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for Fri., July 3
Recommended
  • Arts

    Comedy

    ColdTowne TV: Fridays & Saturdays Live

    The stage on Airport might be dark, citizen, but the stars of that laugh factory near Mrs. Johnson's Doughnuts are shining bright every Friday and Saturday night on ColdTowne TV! Tune in for this variety show format and drop a few bucks in the virtual tip jar to keep local comedy alive.
    Fridays & Saturdays, 8pm. Donations accepted.  
  • Arts

    Visual Arts

    Atelier Dojo: Remote Studios

    The local powerhouse of figurative painting, the art school that's the smart school for artists of all kinds, they've got a painting-along-at-home series going to help you keep your skills honed in these socially restrictive times, featuring live costumed models posing on camera and a thriving community of creatives rendering that lovely human biotecture from their separate studios. "Join us for a three-hour costumed-model drawing session. Use any supplies you wish, listen to music, share your work, chat with others. It’s a great way to stay connected with your art community!"
    Tuesdays, 1:30-4:30pm; Fridays, 6:30-9:30pm; Saturdays, 9:30-12:30pm. $5.  
  • Arts

    Classical Music

    Austin Opera: Live From Indy Terrace

    This weekly series features livestreamed performances from local stars of the vocal stage – they've already showcased Elena Villalon, Mela Sarajane Dailey, Claudia Chapa, Will Liverman, Kyle Albertson, and more – and may be just the thing you need to make your spirits soar.
    Fri., July 3, 3pm. Free.  
  • Arts

    Visual Arts

    Butridge Gallery: Grimm Re-Articulated

    Yes, you have to make a reservation. Yes, it's totally worth it – because the Julia C. Butridge gallery in the Dougherty Arts Center reopens (in a limited manner, with social distancing and masks) with a show of work by three artists – Nora McMillen Burke, Jon Nelson, and Marianne Levy – and it's all worth feasting your peepers on. But we daresay it's Levy's "Grimm Re-Articulated," with its array of reimagined and stunningly sculpted fairytale characters and situations, that'll warp your dreams for months to come.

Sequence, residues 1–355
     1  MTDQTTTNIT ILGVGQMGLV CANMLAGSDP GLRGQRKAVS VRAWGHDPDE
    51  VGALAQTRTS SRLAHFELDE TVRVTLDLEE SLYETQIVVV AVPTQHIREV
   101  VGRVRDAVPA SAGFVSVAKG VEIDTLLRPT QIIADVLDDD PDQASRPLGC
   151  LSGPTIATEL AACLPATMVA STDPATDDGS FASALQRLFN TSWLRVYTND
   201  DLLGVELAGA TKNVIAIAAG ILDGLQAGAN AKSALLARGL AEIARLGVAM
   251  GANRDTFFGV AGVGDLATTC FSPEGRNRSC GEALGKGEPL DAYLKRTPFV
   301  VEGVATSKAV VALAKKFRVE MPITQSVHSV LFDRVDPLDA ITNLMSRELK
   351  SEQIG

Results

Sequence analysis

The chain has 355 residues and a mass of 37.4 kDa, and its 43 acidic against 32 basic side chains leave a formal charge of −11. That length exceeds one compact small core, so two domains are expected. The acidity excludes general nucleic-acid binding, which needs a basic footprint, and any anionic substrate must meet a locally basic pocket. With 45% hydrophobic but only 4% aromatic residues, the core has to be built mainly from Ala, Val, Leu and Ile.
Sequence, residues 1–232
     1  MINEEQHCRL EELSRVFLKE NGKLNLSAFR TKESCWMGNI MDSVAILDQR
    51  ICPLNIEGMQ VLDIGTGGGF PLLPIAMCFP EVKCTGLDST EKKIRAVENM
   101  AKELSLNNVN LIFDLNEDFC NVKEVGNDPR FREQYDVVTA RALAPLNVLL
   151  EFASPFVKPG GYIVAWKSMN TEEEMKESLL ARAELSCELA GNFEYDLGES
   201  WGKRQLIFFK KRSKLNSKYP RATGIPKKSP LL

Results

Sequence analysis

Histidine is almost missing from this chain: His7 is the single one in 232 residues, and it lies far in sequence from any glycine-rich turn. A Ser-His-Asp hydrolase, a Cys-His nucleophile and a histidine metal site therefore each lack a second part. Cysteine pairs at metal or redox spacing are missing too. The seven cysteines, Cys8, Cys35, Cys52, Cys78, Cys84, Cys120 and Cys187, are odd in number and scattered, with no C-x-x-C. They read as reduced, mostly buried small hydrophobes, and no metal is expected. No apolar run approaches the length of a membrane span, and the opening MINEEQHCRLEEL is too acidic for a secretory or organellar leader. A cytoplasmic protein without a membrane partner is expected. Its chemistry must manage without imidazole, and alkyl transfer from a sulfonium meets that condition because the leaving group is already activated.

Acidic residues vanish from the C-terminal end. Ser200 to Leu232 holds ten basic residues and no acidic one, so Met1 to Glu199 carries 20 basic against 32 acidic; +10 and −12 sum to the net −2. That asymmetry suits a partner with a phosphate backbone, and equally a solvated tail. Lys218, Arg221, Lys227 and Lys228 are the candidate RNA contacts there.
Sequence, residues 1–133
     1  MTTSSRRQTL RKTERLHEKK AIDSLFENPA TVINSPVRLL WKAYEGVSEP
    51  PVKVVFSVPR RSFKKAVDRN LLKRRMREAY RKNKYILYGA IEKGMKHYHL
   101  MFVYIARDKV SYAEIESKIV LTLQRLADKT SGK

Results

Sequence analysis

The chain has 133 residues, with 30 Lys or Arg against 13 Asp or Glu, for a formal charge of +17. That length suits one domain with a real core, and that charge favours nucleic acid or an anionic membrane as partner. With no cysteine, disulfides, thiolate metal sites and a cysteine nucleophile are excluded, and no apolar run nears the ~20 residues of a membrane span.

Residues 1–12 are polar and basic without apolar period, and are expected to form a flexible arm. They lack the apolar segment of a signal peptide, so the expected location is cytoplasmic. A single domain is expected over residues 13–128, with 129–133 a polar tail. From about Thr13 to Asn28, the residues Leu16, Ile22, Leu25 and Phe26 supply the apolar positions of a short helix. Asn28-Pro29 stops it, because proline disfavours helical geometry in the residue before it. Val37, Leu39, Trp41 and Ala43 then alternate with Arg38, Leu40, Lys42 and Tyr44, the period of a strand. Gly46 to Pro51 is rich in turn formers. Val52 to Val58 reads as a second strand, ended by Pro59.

Mon.-Fri., 10am-6pm. Through July 25. Free.  
  • Arts

    Visual Arts

    Camiba Art: Signs

    Currently open by reservation only, yes, but you should have no reservations about seeing this stunning exhibition by Dallas native Lee Albert Hill. You want an eyeful of big, bright abstractions via acrylics on canvas over board, handwrought yet almost machinelike in their meticulous design and execution? You probably do, especially in this case. Because it's like … um … like if someone hired Mike Hinge and Bill Sienkewicz to show how well tangrams could be used to illustrate subatomic events from CERN's bubble chamber – and then threw a fistful of chaos shards at the collaboration's results. The accompanying image here is one miniaturized example; imagine seeing a roomful of such intricacies at full size. Hell, imagine scheduling a private viewing of this show with gallerist Troy Campa: That's some solid pandemic diversion right there, tell you what.
    Through July 11  
  • Film

    Special Screenings

    Disclosure (2020)

    Q Social: Join the Quties for Sam Feder's must-see Netflix doc on the history of Hollywood's depiction of trans folks and its impact on trans lives.
    Fri., July 3, 4pm. Free.  
    Online
  • Arts

    Visual Arts

    Flatbed Press: Over My Head

    That Austin epicenter of the printing arts presents a new exhibition of woodcuts by Ben Muñoz, featuring his series called The Endless Endeavor. These stunning woodcuts are 100-by-52-inches, the massive pieces communicating both in scale and content the idea of life being larger and much more than ourselves. Flatbed and Muñoz "are eager for the artist and individuals to talk about the content of his work one-on-one;" reserve your meeting with the artist for July 24 or July 25; other appointments for multigenerational groups of four or fewer can be scheduled here.